Once again, Mousavi stressed the importance of the full implementation of the Iranian Constitution as a main demand of the Green Movement. “Many articles of this constitution which guarantee the rights of the people have been forgotten,” Mousavi said. He added:
If these are brought about well enough, an overall consensus will be reached within the movement. The base for any change in society is an idea and this idea has been created in our society and the will for change and amendment has become widespread. The people must be warned that the interests of a few in certain bodies is not allowing for them to easily surrender to the demands of the [Green] Movement and the nation.

On the future of the Green Movement and its activities, the wartime prime minister said, “We must bring about and redefine clear ideas and spread them through resisting and steadfastness and finding ways of working in a more organised way. The regime and state should be told that the least costly way for governing the country is the free activity of groups, media, associations and civil society, not confronting them.”

Mousavi called for more links between the different social groups inside the Green Movement and said that the goal of the movement was to create a better life for everyone, especially more impoverished and vulnerable sectors of society. He defended the rights of workers and teachers and acknowledged their important roles in Iranian life.

Mousavi also urged authorities to return to the Constitution, to remove the current security and military atmosphere in the country, and to open up. “If they do not choose this path, we will be forced to stand firm,” Mousavi said, expressing hope that authorities would return to the path of sanity as soon as possible:
We must stand firm until the issues and problems are resolved. The people have paid a heavy price during this period and they are used to paying such prices because they have great and righteous aspirations. You can see how prisoners have become the champions of the people and how they are welcomed [upon their freedom] and this is a sign of the ineffectiveness of these actions in confronting the [Green] Movement and the people’s demands.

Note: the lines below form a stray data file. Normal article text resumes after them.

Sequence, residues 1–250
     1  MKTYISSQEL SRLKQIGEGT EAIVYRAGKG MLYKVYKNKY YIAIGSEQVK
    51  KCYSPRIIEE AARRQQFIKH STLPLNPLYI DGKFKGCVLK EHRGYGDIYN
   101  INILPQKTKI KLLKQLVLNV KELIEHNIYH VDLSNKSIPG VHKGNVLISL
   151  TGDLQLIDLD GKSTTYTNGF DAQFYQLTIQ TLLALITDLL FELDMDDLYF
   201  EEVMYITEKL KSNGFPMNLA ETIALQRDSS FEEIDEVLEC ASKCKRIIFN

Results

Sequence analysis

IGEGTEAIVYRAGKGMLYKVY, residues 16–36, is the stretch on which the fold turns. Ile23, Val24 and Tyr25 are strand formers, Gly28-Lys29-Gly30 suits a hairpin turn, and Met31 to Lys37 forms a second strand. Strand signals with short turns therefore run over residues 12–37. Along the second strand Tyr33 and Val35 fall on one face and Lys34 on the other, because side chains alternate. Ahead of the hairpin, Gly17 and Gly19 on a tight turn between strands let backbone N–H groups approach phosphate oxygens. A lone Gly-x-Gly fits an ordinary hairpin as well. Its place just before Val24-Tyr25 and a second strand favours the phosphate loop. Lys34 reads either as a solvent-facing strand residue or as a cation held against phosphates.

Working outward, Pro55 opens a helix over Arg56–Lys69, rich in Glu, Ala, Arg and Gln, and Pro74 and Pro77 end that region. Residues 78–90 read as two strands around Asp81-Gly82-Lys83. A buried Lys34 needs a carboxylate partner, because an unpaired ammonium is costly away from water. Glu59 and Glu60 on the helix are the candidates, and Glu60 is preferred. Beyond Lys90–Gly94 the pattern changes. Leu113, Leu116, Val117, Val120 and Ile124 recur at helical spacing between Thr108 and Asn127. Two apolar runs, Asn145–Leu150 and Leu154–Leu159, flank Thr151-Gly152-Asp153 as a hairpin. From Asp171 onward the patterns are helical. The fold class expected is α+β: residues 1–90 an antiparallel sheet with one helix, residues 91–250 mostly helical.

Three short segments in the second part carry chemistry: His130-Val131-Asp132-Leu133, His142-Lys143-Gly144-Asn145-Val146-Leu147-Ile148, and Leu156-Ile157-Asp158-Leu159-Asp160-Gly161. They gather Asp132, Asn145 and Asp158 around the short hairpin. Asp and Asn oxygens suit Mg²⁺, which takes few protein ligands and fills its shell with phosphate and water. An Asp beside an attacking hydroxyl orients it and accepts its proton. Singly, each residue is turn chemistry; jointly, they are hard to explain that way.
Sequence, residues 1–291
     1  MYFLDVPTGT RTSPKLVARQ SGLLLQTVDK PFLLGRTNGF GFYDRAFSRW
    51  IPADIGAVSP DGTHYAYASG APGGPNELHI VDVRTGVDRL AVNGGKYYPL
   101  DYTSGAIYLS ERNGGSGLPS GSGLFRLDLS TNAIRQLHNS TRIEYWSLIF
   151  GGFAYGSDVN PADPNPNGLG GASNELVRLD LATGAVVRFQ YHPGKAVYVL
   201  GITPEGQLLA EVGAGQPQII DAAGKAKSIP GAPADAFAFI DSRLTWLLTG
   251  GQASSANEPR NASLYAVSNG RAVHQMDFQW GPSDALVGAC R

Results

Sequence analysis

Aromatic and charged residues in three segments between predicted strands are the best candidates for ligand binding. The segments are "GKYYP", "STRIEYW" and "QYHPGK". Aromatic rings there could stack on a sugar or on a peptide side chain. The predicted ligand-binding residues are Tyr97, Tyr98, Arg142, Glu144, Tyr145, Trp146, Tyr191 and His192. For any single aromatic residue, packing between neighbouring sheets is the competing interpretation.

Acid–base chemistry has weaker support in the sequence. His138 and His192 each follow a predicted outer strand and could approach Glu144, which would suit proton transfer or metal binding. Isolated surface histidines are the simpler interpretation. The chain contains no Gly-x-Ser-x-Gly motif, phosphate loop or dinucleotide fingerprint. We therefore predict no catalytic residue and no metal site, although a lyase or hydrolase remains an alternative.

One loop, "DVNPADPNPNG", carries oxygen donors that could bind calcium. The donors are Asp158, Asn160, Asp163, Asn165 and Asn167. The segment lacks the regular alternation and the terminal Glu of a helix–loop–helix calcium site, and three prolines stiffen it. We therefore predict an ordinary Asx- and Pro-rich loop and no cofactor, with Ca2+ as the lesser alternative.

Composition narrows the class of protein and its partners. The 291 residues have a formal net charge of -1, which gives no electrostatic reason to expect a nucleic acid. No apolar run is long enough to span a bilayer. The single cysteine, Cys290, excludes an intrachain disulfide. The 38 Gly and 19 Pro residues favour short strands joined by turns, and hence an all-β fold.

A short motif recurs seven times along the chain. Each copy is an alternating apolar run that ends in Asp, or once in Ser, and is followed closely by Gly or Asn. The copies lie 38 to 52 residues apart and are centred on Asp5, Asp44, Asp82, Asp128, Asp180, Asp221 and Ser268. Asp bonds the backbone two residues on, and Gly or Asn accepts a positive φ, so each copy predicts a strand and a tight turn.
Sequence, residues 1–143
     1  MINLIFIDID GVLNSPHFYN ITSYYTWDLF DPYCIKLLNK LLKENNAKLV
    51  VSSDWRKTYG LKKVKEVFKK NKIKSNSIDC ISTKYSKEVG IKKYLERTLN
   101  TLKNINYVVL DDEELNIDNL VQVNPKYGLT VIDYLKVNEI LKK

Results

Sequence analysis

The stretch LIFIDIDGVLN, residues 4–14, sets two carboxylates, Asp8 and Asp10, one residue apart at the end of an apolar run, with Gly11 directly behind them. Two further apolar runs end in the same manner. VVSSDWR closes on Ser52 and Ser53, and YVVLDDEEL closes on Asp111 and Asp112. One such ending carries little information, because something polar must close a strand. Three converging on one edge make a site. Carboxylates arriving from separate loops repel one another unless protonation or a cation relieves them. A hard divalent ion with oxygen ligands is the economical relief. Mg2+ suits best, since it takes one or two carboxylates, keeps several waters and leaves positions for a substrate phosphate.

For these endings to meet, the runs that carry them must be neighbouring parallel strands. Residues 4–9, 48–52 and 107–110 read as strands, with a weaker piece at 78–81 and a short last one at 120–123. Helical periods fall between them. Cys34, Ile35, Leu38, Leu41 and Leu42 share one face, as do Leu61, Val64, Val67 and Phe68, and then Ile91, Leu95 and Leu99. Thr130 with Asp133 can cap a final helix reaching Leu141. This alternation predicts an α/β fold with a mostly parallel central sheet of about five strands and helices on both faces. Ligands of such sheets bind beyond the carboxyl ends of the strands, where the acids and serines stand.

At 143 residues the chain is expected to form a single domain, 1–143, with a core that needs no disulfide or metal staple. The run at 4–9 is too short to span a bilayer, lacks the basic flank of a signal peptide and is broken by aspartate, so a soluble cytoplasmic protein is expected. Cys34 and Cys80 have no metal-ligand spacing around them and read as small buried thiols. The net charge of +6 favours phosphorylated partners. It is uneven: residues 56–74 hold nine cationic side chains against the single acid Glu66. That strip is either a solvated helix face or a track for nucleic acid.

Mousavi concluded with a call for the full usage of the capacity of political parties and an expansion of their activities. He also invited them to issue statements and analyses and to be in constant contact with the people for a “better tomorrow”.

Reader Comments (2)

Speaking as an observer and a person having an indirect stake in the events unfolding (I do not live in Iran, but am a citizen of Iran and have family currently in Iran), I continue to be concerned regarding the nature of the discussions coming from the green movement "leaders"...the wording continues to be rhetorical in nature and lacks tactics. While I am glad to see that Mousavi continues to make statements such as the one above and I applaud is rigor and committment to see change, but how does he plan to do this?

I wonder, and I ask this to the greater EA audience, is there any "sleeper" leaders in Iran, perhaps one who has received little to no press that has not only the courage but the ability to put an actionable plan into place? Is the reason Mousavi and others are not in jail, besides perhaps the notion it would instigate protests beyond what we have seen since June (I am not sure of this myself), is because they are not perceived as a great of a threat as some of the leaders who ARE in jail?

I continue to watch as both a concerned observer, citizen and supporter of the Iranian people.......

April 9, 2010 | Unregistered CommenterBijan

"Is the reason Mousavi and others are not in jail, besides perhaps the notion it would instigate protests beyond what we have seen since June (I am not sure of this myself), is because they are not perceived as a great of a threat as some of the leaders who ARE in jail?"

You make an interesting point, Bijan. I wonder if any of the reformist leaders, former reformist government officials, Mousavi and Karroubi aids and advisors, etc who are in jail now would have been vetted to run as candidates last year? None, right?

April 10, 2010 | Unregistered CommenterCatherine